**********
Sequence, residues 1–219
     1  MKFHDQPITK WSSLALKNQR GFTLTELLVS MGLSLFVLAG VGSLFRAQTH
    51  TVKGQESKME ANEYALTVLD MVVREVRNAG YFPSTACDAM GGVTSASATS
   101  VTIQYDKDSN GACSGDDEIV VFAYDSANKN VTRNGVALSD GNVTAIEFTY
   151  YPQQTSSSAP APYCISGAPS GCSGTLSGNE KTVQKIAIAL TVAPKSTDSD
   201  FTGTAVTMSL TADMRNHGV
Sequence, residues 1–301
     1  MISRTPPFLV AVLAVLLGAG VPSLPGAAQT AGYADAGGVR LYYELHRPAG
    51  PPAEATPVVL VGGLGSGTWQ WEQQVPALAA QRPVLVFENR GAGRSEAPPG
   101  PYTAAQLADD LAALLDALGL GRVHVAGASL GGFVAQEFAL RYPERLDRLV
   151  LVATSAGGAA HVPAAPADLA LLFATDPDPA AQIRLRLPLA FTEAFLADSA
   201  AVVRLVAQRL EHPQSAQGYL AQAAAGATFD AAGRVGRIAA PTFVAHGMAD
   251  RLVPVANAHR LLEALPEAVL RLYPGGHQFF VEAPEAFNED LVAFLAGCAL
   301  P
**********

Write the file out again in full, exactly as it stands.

Sequence, residues 1–219
     1  MKFHDQPITK WSSLALKNQR GFTLTELLVS MGLSLFVLAG VGSLFRAQTH
    51  TVKGQESKME ANEYALTVLD MVVREVRNAG YFPSTACDAM GGVTSASATS
   101  VTIQYDKDSN GACSGDDEIV VFAYDSANKN VTRNGVALSD GNVTAIEFTY
   151  YPQQTSSSAP APYCISGAPS GCSGTLSGNE KTVQKIAIAL TVAPKSTDSD
   201  FTGTAVTMSL TADMRNHGV
Sequence, residues 1–301
     1  MISRTPPFLV AVLAVLLGAG VPSLPGAAQT AGYADAGGVR LYYELHRPAG
    51  PPAEATPVVL VGGLGSGTWQ WEQQVPALAA QRPVLVFENR GAGRSEAPPG
   101  PYTAAQLADD LAALLDALGL GRVHVAGASL GGFVAQEFAL RYPERLDRLV
   151  LVATSAGGAA HVPAAPADLA LLFATDPDPA AQIRLRLPLA FTEAFLADSA
   201  AVVRLVAQRL EHPQSAQGYL AQAAAGATFD AAGRVGRIAA PTFVAHGMAD
   251  RLVPVANAHR LLEALPEAVL RLYPGGHQFF VEAPEAFNED LVAFLAGCAL
   301  P